aoa_degrees = XPlaneRef(&quot;sim/flightmodel2/misc/AoA_angle_degrees&quot;);
  
  pinMode( Amber, OUTPUT );
  pinMode( Green, OUTPUT );
  pinMode( Red, OUTPUT );
}

void loop() {
  FlightSim.update();
  
  if( -45 &lt;= aoa_degrees &amp;&amp; aoa_degrees &lt; 11 ) {
    digitalWrite( Amber, HIGH );
    digitalWrite( Green, LOW );
    digitalWrite( Red,   LOW );
  }

  if( 11 &lt;= aoa_degrees &amp;&amp; aoa_degrees &lt; 15 ) {
    digitalWrite( Amber, LOW );
    digitalWrite( Green, HIGH );
    digitalWrite( Red,   LOW );
  }

  if( 15 &lt;= aoa_degrees &amp;&amp; aoa_degrees &lt; 45 ) {
    digitalWrite( Amber, LOW );
    digitalWrite( Green, LOW );
    digitalWrite( Red,   HIGH );
  }
}

When you’ve got the blinkenlights working happily, the next step is to build some kind of enclosure and take this off the breadboard – but I’ll leave that as an exercise for the reader!

Encoders: coarse and fine control

Hi there!

Olli aka ‘Frumpy’ posted an interesting question on the X-Plane.org forums a little while ago:

I am doing an MCP, buttons, LEDs and now rotary encoders all work. Now comes the software part and this is certainly none of my favorites.

So the rotary encoders work. However, I want them to move at two different speeds: fast and slow spinning. Fast will do 4 steps ahead, slow only one. Think about setting a heading, you don’t want to spin the 20-click encoder 9 times to set a 180° heading change :)
This can be done with a timer I think.

{code snippet}

This should move the dataref by 1 once I touch the encoder. Next dataref change will depend on how fast I move it -> below (lets say) 30ms it will be a quick turn and move 4 steps, or slow turn then of course only one step :-)

I think this should help: http://playground.arduino.cc/Main/RotaryEncoderAcceleration
Still I look at it like a pig into a clockwork (that’s a German proverb ;-) ), I am not a programmer and certainly no C-guy. :-/

Thank you very much,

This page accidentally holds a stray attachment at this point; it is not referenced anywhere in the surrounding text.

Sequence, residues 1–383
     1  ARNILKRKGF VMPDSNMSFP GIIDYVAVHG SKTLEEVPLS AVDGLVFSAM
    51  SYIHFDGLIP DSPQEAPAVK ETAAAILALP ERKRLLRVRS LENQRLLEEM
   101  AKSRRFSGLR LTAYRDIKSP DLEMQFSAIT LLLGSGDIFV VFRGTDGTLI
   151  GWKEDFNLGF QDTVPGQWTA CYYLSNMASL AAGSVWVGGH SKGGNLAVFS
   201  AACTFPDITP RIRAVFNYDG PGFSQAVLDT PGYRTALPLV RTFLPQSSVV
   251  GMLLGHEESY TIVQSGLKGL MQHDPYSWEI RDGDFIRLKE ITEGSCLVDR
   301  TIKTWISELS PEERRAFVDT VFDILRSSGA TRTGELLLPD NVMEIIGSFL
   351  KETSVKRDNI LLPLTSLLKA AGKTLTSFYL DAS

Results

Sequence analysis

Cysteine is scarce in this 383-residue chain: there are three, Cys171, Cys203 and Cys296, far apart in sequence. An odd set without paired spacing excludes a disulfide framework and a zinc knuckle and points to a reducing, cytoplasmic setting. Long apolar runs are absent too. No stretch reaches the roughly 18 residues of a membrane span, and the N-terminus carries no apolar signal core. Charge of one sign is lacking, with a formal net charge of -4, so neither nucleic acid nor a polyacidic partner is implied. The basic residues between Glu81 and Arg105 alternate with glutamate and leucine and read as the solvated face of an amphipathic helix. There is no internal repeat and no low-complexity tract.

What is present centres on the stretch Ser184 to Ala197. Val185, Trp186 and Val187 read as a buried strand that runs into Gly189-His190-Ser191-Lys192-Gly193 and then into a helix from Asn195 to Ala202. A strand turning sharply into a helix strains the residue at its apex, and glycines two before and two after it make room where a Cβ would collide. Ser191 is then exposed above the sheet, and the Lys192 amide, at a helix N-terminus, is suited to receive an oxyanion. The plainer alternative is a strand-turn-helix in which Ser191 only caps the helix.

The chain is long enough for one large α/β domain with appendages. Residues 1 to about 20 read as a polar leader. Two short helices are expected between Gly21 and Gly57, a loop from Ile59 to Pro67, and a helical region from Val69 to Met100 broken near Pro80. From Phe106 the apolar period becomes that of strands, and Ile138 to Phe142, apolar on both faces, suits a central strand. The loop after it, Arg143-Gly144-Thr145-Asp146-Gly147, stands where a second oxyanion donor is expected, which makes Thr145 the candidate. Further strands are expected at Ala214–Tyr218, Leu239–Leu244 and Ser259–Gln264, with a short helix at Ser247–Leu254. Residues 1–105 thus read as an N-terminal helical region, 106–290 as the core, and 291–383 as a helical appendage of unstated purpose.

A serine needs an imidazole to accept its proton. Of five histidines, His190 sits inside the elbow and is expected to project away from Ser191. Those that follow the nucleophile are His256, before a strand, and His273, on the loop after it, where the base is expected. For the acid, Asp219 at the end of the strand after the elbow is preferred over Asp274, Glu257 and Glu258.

Olli

After an embarrassing amount of time where I began describing a system completely unlike what Olli described, I tested his idea and it works very well!

Here’s the code:

#include <Encoder.h>

/*
This code links a rotary encoder to the NAV1 OBS. If you turn the
encoder quickly, the bug changes quickly and you have fast control; if
you turn the encoder slowly, the bug changes slowly and you have fine
control.

This is an extension (and substantial rewrite) of the plain encoder-
reading code from before.
*/


// Input from hardware
Encoder demoEncoder(7, 8); // encoder on pins 7 and 8
short demoEncoderPrevious = 0;

elapsedMillis demoEncoderClickInterval = 0;

// Input/Output with simulator
FlightSimFloat demoDataref;


void setup() {
  demoDataref = XPlaneRef("sim/cockpit2/radios/actuators/nav1_obs_deg_mag_pilot");
}


void loop() {
  FlightSim.update();

  // divide by 4 to find how many clicks the encoder's been turned
  // (+ve clockwise, -ve anticlockwise, normally)
  short demoClicks = (demoEncoder.read() - demoEncoderPrevious) / 4;

  // when encoder 'clicks' into a new detent:
  if (demoClicks != 0) {

    // change in degrees from current stored value (can be <0 )
    float demoChange = 0;

    // Threshold between FINE and FAST control: 30ms per click
    if (demoEncoderClickInterval > 30) {
      // FINE/slow mode. Change by 0.25 degrees per click.
      demoChange = demoClicks * 0.25;
    } else {
      // FAST/coarse mode. Change by 5 degrees per click.
      demoChange = demoClicks * 5.0;
    }

    // new value = current value plus changes
    float demoNewValue = demoDataref + demoChange;

    // make sure new value is valid (i.e. when moving across 0deg/360deg)
    while (demoNewValue  <   0.0) demoNewValue += 360.0;
    while (demoNewValue >= 360.0) demoNewValue -= 360.0;

    // write validated new heading back to dataref
    demoDataref = demoNewValue;

    // reset encoder state and interval timer
    // (only when encoder has 'clicked' into a new detent!)
    demoEncoderPrevious = 0;